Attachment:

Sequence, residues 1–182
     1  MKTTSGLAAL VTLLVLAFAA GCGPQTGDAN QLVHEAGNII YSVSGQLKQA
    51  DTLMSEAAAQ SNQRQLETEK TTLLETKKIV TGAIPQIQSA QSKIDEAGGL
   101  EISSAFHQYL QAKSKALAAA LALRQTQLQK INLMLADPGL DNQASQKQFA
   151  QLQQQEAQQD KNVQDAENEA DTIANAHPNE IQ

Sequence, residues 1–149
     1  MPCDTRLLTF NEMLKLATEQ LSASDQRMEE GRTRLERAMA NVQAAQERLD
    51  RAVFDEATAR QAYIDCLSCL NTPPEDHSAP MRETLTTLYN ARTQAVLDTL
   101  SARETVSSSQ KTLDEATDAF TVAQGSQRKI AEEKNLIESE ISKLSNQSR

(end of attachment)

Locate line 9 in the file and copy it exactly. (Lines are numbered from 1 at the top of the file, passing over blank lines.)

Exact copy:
   101  SARETVSSSQ KTLDEATDAF TVAQGSQRKI AEEKNLIESE ISKLSNQSR